|The Key ©|
A white Suburban pulled to the stop-light and sat idling next to a small banged-up Datson station wagon. The three middle-aged women inside were laughing wildly. Their laughter caught the attention of a maze of teenage faces in the Suburban. With a somewhat annoyed interest, the teens noticed that the ladies were wearing party hats and their laughter seemed to be centered around the noise-makers they were blowing. The light turned green and the Suburban squealed into oblivion leaving the three ladies looking after.
"Huh?" Edith frowned as she turned to Francine. "They must be in a hurry to meet the new year."
"They'd better slow down or they're not going to see the new year." Francine's square jaw was set and her large dark-rimmed glasses sat low on her nose. She watched the disappearing Suburban through the lower part of her glasses with her chin lifted and her eyes squinted.
Edith ignored her and instead, blew obnoxiously on her noise-maker. Dee Dee was sitting in the back seat and was blowing on something that sounded like a tweety-bird with a sore throat. A horse-chirp and a giggle . . . a horse-chirp and a giggle. "Do you know what this reminds me of? Asked Dee Dee.
"Did you get everything on the list?" Francine asked.
"You worry too much. Of course, I got everything on the list. It reminds me of my grandma's garden when I was little. She had all these ugly ole horny toads that she ordered from Sears & Roebuck's."
"I just don't want to get clear up to the cabin and find out we forgot the noise makers, or anything important, like that. You know what I mean?"
Dee Dee turned around and leaned over the back of the seat and started pawing through sacks. "Let's see, we've got drinks, chips, dip, tomato soup. . . candles, what you got in your sack up there, Francine?"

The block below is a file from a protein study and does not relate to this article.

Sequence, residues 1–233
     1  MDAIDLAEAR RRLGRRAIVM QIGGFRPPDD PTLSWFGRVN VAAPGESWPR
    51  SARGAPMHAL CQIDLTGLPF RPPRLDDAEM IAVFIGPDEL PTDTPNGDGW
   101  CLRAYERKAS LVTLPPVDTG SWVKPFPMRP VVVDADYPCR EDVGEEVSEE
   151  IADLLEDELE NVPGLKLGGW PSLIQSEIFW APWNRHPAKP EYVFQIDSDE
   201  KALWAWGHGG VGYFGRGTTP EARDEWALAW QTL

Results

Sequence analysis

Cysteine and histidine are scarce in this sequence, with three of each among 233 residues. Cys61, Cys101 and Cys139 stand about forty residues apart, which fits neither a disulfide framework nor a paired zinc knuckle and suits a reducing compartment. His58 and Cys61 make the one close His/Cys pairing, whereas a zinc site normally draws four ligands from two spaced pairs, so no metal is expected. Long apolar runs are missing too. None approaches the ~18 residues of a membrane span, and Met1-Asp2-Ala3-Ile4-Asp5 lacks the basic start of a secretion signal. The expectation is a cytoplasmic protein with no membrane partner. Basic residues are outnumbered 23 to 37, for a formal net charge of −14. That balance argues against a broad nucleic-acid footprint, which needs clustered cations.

"I got two dollars, three. . . three dollars, who'll give me four. . ." Chided Edith.
"Cut it out,.Edith, did you remember the extra blankets?"
"Yes, and a heating pad and. . . "
"What are you going to do with a heating pad if everything goes black like they say it might?"
"We got batteries and a boom box. Please Francine," laughed Dee Dee, "Let's just have fun and forget to worry about what might happen at midnight."
"Betcha you didn't bring any fruit juice, huh?"
"There's a little store about half way up the mountain. We can stop and pick up some last minute things, if you like."
"Now she tells us. We need a plan. Dee Dee, start with the list and go through all the sacks . . . here, better yet, give me the list. I'll read, you dig. Where's the olives?"
"Right here, and eggs, and bacon. Hey, we got orange juice!"
"I want grapefruit juice."
"Oh, look at the deer!" Edith slammed on the brakes, throwing Dee Dee head first into the sacks of groceries in the back.
"Help!" She hollered, with her hinnie and feet in the air. "I'm stuck in the condiments and cornbread.
Francine twisted around, half crawling into the back seat and pulled on Dee Dee's feet. She was laughing hysterically and Edith was searching the rear-view mirror, trying to figure out what was going on.
"Oh, who opened the potato chips," moaned Dee Dee.
"Mmmmmm. . . barbeque frosted hair.